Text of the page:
I give my high school writers a lot of grief because I know exactly what they’re doing when they submit a “final” draft of an essay for me to assess. Here’s my impression of them writing a paper:
“Type type type type. Don’t read anything. Okay I’m done. Submit.”
I’m very good at impressions, obviously.
I’m less good at being cool about kiddos turning in rough drafts and calling them final drafts because I know how much I labor over editing my own writing.
It’s so hard. Which I guess explains why all the teenagers I’ve ever known don’t want anything to do with it.
This week, for example, I took what I once thought was a Mostly-Done Manuscript of 74,000 words and completely sliced the thing like a St. Louis bagel.
I’ve spent the better part of the past five days trying to figure out how to put this Humpty Dumpty back together again, without the assistance of any king’s men and not a single king’s horse. I’ve just been riding solo, deleting huge chunks of words and trying my best to restructure the story in a way that moves and shakes and keeps readers invested from Word #1 all the way through Word #74,000.
It hasn’t been fun. Something I didn’t fully understand when I started writing seriously about 15 months ago was that every book has certain “beats,” or structural plot elements, that need to occur in a certain order at certain points in a story. Movies, TV shows, and of course novels all follow these beats to some extent, manipulating viewers and readers into falling in love with characters and keeping them invested in a plot that must keep moving.
Think of all the great stories you’ve ever watched or read. They don’t typically involve “slow” moments.
No, good stories giddy-up and keep on giddying-up until the story is over and you can’t breathe and your heart hurts because the ride was so emotionally exhausting.
My book, as constructed, didn’t do that.
To be fair to myself, I wrote it with some inkling of where these beats were supposed to go, but when I started writing, I hadn’t yet read the Bible of Beats, a life-altering book called, “Save the Cat! Writes a Novel.” So my instinct took me in a lot of the right directions but ultimately was pretty misguided in terms of keeping the story moving. I knew the first half of my story was broken, but I didn’t understand why or how. I get it now, and the fix hasn’t been easy.
So. New outline. That was the first step, but reconfiguring the story meant cutting stuff from the original version that didn’t belong in the new version. Now I have to fill that empty space with rewritten chapters that do a better job keeping the reader invested.
In all, I cut over 17,000 words this week. That’s about a quarter of the book. I highlighted it and deleted it as easily as Thanos snapped away so many Avengers.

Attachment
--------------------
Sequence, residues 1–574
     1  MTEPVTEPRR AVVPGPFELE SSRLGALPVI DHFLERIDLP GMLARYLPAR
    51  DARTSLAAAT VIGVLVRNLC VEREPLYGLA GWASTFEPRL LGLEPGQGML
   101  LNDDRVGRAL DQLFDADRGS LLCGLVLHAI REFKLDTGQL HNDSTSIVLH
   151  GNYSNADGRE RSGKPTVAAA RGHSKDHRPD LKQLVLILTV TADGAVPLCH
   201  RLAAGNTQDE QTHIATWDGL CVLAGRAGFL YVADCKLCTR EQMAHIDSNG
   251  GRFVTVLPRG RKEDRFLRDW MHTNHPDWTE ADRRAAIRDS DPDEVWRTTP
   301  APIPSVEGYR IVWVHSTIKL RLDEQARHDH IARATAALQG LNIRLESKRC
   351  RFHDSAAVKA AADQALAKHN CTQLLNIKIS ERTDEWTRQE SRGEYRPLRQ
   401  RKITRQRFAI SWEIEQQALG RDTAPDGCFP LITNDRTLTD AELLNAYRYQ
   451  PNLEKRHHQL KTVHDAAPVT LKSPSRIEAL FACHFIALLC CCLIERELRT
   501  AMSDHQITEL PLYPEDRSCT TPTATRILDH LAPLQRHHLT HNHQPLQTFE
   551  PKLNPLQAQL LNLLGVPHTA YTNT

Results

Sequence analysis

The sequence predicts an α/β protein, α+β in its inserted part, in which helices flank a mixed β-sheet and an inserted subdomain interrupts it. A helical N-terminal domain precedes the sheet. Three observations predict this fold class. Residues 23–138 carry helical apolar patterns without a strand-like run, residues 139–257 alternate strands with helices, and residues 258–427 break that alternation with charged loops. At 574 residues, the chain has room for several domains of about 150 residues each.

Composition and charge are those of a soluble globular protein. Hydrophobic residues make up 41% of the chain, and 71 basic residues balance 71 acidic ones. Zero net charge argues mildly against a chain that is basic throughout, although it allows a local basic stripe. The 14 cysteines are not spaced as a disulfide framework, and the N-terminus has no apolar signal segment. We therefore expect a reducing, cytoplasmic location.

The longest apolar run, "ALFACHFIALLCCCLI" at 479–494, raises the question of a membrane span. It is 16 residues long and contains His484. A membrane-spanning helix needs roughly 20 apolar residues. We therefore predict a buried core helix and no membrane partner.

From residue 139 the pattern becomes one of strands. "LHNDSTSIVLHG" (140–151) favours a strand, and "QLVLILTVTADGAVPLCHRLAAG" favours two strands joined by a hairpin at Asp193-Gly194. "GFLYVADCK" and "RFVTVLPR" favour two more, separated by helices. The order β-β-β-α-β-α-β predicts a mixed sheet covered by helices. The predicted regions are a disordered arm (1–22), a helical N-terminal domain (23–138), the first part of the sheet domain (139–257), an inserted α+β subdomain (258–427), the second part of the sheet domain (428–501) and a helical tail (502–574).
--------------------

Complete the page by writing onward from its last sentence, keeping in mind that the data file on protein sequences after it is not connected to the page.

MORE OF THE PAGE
What remains has been ordered and salvaged to some extent, but even the chapters I “saved” required tweaking. It is completely and utterly overwhelming trying to keep track of the difference between what I originally intended to accomplish and what I intend to accomplish now. They are as different as Alexandria Ocasio-Cortez and Rush Limbaugh.
Honest to goodness, I’ve had moments where I just wanted to drag the whole damn thing over to the Recycle Bin and start on a new project. I just keep reminding myself that I’ve had countless students avoid editing for the same reasons that I’m moaning about editing right now. It’s hard, so they don’t do it. And should I be allowed to condemn them for this if I don’t hold myself to a higher standard? I’d love to hold myself to a higher standard without actually having to live up to that higher standard, but that’s not how books get published.
Two edicts I read somewhere (read: “Twitter”) help keep me motivated:
1. There are days when writing comes as easy as breathing, and while many writers have that one Book of Their Soul that was effortless, so many other books exist only because the author slogged through some truly hard days writing and editing words that didn’t always come so easily. I’m looking at this past week as a solid string of my Hard Days.
2. There is no immediate gratification in publishing. This is a slow-moving industry, and I have to be patient. The best way to exercise that patience is to stay on my grind because nothing worth having in life ever comes easy. No one ever suggested writing a book was an exception to this rule.
More than anything, what drives me is an honest belief that I’m good enough and that I belong.
I’ve told my wife a few times that my whole life has been leading toward me writing YA books for teens. Moving schools as much as I did as a kid, I’ve known pretty much every type of person and been in every type of academic environment. I’ve met characters in my life more incredible than any fictional person I could ever invent. I wrote my first short stories in 5th grade. I wrote an editorial column in high school that no one cared about. I majored in Creative Writing in college. I spent years working with editors and practicing the habits of a professional writer through my foray into sports journalism and freelance SEO blogging. I teach high school, where I get to meet and interact with and learn from so many amazing teens every single year. I also get to teach and read a ton of YA lit.
I even married a woman who is one of the dopest copy editors I’ve ever met. She’s a brilliant reader who sniffs plot twists a mile away, which makes her the World’s Greatest Beta Reader. She’s free and brilliant and lives in the same house as me.
Everything I’ve done in my life has led me to writing a YA novel. I can see it. I can almost taste it some days.
The ultimate goal of getting a book published lives way out there in the distance, but it’s there. The more I sweat, the closer I get.